The key message behind TOTAL’s Peak Oil Expectation.
Just like in past public statements by TOTAL, Pierre Mauriaud mentioned that their key message is not one of a lack of resources. According to the company there are plenty of resources left, including conventional oil. The problem lies in turning these into reserves due to the need for advanced technology, large scale investments, and a lack of resource accessibility of international oil majors.
“When I was thinking about the highly technical and huge investments needed, it is sure that the time of cheap oil is finished and has been for some time. It is something which is absolutely obvious, and the low-cost cheap oil is only remaining in OPEC countries in the Middle East…there are all these more technical oils such as deepwater, extra heavy oil, arctic oil, which can be produced but only when the price is right, and which depends on the law of offer, supply and demand, due to which oil demand is very important”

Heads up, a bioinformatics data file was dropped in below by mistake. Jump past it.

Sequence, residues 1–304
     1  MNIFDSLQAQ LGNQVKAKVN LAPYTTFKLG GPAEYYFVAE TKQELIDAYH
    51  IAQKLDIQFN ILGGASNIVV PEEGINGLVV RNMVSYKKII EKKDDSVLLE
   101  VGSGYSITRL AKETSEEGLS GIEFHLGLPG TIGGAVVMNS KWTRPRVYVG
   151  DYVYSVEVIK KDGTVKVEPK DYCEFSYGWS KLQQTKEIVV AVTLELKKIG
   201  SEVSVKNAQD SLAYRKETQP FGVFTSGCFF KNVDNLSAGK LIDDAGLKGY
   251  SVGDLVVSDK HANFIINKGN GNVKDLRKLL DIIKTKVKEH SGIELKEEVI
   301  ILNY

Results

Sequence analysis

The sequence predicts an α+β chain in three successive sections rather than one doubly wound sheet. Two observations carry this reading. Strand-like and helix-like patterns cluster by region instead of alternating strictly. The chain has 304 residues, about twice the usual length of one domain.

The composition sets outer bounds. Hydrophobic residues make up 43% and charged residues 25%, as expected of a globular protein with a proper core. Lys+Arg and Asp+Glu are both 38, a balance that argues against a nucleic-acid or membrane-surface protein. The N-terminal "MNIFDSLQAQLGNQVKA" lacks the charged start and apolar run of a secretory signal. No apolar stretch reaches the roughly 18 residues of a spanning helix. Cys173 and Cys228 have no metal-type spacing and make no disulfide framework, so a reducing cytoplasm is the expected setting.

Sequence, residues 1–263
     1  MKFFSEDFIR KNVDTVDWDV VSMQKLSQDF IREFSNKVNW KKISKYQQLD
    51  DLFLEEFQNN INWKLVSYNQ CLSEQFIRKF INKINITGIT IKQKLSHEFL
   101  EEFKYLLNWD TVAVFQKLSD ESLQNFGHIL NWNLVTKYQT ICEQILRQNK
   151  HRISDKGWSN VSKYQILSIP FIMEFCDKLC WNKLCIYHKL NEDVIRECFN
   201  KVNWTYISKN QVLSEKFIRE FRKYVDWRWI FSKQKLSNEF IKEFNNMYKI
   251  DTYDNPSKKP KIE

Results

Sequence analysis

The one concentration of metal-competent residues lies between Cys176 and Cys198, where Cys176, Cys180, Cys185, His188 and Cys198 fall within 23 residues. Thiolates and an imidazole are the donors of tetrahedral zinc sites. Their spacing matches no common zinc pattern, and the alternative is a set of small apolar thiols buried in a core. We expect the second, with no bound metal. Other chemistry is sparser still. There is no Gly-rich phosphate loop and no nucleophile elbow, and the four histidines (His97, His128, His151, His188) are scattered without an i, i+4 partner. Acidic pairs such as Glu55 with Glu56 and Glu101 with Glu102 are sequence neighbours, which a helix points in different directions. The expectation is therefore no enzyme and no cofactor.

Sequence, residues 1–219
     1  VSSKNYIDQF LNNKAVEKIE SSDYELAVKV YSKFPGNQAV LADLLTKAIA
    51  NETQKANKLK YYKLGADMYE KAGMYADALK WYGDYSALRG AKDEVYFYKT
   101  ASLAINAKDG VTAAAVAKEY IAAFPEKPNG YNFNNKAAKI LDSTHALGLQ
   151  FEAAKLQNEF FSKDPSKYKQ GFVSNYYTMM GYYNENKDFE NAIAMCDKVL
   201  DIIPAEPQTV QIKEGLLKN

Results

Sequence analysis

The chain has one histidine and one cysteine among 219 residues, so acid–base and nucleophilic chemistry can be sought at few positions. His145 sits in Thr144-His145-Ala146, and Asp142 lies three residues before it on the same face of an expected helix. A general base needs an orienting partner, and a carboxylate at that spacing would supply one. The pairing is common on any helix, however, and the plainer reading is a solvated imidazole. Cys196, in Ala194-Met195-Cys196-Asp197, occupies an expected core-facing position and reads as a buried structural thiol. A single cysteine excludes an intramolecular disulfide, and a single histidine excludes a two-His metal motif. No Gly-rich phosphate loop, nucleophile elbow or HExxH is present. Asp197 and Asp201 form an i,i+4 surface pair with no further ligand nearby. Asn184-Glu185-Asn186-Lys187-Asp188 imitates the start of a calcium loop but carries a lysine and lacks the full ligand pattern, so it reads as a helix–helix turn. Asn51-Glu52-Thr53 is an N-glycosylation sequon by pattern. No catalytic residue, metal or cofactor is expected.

To underline this view, he presented a highly interesting graph depicted in figure 4 with data on TOTAL’s expectation for production costs of different types of oil, denoted in the break even oil price in 2010 at an Internal Rate of Return (IRR) above 10%. The more technical projects, including enhanced oil recovery and extra heavy oil, require an oil price range between 60 to 90 dollars to give a decent return.
Figure 4 – Break even oil price range in 2010 required to produce a certain type of oil. Includes all sources of oil. Source: Pierre Mauriaud, TOTAL (click for large version)